By George Maestri
Tuesday night proved to be a big highlight of Autodesk University. The Media and Entertainment keynote featured the first public screening of footage from James Cameron’s highly anticipated 3D feature “Avatar.” The evening started with a talk from Marc Petit, VP of Media and Entertainment who introduced Kareem Kalifa from Marriot Hotels, who had the unfortunate role of opening act.
Kalifa talked about how Autodesk products have been assisting Marriot in visualizing new interior designs for their hotels. A process that normally took many months and the actual construction of real interiors in their hotels now can be done virtually using Revit and 3DS Max. The company is doing photoreal renders of new designs that rival photography. We were all quite impressed by the renderings of actual interiors, which were indistinguishable from the real thing.
This is wonderful news for architecture and visualization. For people making movies, however, photoreal is old hat. “Avatar” promised to take photoreal into the next dimension, and this is why the film is causing such a stir in the community. Jon Landau of Lightstorm took the stage and gave a brief talk about the Autodesk technology that helped make the film a reality.
The story of “Avatar” had been developed by James Cameron 15 years ago, right after Titanic became a hit. The technology to make “Avatar” simply didn’t exist at the time. Motion capture was still in its infancy and there was no way to preview mo-capped actors in real environments. This changed about 4 years ago. One of the key developments was a clever device that interfaced to Autodesk’s Motionbuilder software, which performs motion capture and animation editing. The device was a simple LCD screen that could send positional data to Motionbuilder. This allowed the screen to act as a virtual “camera” that allowed Cameron to “see” into the world of Avatar as Motionbulder captured the actor’s motions. Being able to see motion captured actors in ‘character’ against their virtual environments gave him the ability to direct the film that he wanted.
Once Landau’s talk was over, we put on the glasses and watched the film. Before they rolled footage, however, the admonition against any sort of camera or recording device was made very clear. Beefy security people from the studio roamed the aisles to enforce the studio’s wishes. This was, apparently, the first public showing of sequences from the real movie, so the tight security was expected. Nobody complained, we were all too eager to see the film on the big screen, with Dolby Surround Sound, and a full cinematic 3D-projection system.
The story is set in the future and is about a soldier who lost the use of his legs in a war of some sort. He’s given the chance to walk again on a planet called “Pandora,” where Earth has established a mining colony. His chance to walk comes in the form of an avatar, a genetic amalgam of human DNA and the DNA of the planet’s natives, 10 foot tall, blue skinned Amazons. The main characters transfer their consciousness into these avatars so they can work on the surface of Pandora. What ensues is a hero’s journey, with the main character falling in love with a native and leaving his human self behind.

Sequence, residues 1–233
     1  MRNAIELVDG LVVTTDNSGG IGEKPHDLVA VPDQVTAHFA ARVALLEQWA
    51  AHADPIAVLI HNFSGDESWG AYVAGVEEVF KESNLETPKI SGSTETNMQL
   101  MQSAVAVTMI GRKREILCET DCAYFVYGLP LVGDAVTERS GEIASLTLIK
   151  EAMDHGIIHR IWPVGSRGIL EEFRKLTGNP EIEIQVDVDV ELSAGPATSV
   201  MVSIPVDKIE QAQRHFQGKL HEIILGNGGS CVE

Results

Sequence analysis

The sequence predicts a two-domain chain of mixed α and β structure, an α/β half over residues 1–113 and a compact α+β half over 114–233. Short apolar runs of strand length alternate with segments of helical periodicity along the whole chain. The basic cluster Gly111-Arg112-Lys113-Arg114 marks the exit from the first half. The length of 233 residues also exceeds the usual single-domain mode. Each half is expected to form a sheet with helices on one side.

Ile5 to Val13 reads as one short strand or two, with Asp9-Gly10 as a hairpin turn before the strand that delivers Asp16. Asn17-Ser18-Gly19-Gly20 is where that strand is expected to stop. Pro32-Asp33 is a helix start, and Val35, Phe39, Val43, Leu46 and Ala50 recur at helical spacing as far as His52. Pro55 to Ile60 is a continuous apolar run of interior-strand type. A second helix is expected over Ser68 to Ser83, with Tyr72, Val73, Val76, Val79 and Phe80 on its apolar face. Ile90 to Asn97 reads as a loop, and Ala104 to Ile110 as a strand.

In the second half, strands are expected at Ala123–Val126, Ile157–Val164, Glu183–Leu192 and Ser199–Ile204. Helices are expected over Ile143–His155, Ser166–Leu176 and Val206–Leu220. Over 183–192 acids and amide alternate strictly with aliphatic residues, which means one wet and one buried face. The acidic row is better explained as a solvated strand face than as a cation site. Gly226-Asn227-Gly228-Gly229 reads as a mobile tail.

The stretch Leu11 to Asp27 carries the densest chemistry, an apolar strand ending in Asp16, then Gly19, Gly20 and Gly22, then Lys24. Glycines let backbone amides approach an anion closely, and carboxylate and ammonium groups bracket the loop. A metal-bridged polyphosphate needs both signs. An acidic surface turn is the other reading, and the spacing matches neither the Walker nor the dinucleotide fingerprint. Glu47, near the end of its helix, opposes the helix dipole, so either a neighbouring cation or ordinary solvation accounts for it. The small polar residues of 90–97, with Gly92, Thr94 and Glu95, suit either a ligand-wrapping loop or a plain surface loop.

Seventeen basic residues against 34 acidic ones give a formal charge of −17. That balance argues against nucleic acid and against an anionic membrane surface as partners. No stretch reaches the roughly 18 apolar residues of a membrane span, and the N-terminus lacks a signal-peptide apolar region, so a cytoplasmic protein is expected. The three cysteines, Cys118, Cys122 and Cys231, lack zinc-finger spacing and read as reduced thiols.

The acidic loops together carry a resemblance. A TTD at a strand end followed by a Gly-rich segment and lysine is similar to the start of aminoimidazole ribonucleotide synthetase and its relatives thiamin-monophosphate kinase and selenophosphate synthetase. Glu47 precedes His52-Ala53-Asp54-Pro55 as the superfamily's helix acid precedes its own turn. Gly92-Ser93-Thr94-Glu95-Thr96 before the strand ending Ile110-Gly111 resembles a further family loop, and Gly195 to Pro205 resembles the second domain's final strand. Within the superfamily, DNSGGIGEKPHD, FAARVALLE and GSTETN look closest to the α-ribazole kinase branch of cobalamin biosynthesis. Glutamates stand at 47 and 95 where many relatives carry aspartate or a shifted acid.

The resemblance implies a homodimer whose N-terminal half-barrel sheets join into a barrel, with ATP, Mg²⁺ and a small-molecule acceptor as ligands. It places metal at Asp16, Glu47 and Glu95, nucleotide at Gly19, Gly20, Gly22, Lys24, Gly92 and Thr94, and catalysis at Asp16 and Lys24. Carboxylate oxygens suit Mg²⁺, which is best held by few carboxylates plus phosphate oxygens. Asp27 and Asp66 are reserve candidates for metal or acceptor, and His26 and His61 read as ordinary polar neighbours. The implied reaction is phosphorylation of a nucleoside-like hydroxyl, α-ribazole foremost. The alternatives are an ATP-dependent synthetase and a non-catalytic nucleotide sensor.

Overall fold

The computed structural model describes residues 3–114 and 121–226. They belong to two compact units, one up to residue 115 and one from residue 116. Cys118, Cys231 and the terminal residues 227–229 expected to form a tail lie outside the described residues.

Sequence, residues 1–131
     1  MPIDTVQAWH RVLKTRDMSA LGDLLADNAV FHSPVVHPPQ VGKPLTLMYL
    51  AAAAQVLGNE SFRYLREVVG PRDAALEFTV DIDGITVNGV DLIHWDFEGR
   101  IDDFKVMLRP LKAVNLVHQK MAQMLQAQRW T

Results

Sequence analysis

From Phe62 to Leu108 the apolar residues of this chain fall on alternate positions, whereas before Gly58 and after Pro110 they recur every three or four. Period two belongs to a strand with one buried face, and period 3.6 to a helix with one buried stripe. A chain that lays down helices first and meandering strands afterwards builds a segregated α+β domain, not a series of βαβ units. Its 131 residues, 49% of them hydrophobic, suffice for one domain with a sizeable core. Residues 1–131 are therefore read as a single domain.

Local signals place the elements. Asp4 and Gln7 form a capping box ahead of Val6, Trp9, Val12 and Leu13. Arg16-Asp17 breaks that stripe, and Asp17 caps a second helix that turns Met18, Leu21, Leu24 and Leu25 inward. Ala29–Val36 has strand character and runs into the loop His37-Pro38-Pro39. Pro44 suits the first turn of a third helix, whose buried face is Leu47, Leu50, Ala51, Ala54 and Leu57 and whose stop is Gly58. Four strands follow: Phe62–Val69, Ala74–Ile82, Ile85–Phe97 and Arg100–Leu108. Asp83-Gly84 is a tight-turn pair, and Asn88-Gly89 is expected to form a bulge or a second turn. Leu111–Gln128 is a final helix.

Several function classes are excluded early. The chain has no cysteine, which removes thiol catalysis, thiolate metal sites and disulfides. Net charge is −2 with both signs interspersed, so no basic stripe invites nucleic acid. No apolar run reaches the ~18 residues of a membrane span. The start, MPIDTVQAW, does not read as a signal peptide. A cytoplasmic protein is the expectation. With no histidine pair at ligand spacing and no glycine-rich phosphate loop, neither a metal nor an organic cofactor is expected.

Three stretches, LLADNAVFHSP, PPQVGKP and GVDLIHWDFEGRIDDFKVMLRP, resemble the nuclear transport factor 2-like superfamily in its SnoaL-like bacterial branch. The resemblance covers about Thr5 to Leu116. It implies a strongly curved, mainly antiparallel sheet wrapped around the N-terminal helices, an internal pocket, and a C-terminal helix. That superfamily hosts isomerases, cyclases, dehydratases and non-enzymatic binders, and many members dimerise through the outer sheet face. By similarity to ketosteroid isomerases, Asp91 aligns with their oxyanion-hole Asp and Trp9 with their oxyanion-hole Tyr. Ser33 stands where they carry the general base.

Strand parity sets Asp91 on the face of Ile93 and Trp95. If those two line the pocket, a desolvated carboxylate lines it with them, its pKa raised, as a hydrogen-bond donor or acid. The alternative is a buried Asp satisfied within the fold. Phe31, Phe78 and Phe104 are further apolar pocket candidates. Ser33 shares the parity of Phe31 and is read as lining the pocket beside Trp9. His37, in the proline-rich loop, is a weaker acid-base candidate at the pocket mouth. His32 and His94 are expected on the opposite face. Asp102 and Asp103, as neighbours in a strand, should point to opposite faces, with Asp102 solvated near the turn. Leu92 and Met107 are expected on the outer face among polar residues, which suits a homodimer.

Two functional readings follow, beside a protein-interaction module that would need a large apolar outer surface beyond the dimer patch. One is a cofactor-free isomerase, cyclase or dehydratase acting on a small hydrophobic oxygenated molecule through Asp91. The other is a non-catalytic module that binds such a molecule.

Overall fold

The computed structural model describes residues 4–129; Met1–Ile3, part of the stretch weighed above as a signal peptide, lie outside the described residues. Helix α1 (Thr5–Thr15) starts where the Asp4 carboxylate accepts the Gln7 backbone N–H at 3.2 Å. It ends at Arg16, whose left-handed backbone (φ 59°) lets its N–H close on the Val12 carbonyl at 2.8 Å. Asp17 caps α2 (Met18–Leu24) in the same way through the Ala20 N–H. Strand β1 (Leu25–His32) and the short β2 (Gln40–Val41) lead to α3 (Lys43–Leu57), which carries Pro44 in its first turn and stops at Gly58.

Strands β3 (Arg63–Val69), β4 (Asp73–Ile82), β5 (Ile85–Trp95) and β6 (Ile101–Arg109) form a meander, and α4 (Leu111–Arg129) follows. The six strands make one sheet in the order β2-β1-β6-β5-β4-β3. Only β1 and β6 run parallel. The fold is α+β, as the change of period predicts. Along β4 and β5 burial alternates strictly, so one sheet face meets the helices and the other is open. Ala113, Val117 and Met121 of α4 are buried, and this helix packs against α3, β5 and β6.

Simply put, “Avatar” was as stunning as it was rumored. The 3D works incredibly well, but what impressed this animator more was the level of realism in the virtual characters. The facial animation/capture was impeccable, the faces no longer looked like rubber masks as they have in so many movies that use facial capture. In Avatar, the characters truly came to life and were believable in every way. The audience identified with the characters and that made the story work on a much deeper lever. The characters inhabited a world that was just as believable. Much of it was lush jungle with fantastic creatures. Some of the little details I noticed were highly realistic water, mud, and other subtle effects that helped to make the world that much more engaging.
The one minor complaint I had was with the some of the faster action scenes. Personally, I found that the 3D fell apart during fast cutting. The 3D effect was more effective in longer scenes. Perhaps that’s just my impression, because a lot of people I talked to after the film thought the action sequences were some of the best sequences we saw. I preferred the longer scenes, particularly where the acting of the characters was stronger and helped move the story along. I was very impressed with how emotive the characters were, and that level of believability will make this film a lot more than just another sci-fi action movie.
When the lights came up, we had seen about 20 minutes of the final film. This 20 minutes represented a wide range of styles – from live action to full 3D worlds, and mixtures of the two. All of them were beautiful and, more importantly, they showed the power of digital filmmaking technology, and true allure of 3D. Jon Landau mentioned in his talk that 3D was going to be ubiquitous on all of our screens, no matter where. I’m not totally convinced of that, but it will definitely become more prevalent in the coming years.
George Maestri is an animation director and producer. He is currently the president of Rubber Bug, a Los Angeles based animation studio. He also teaches animation at Otis College of Art and Lynda.com .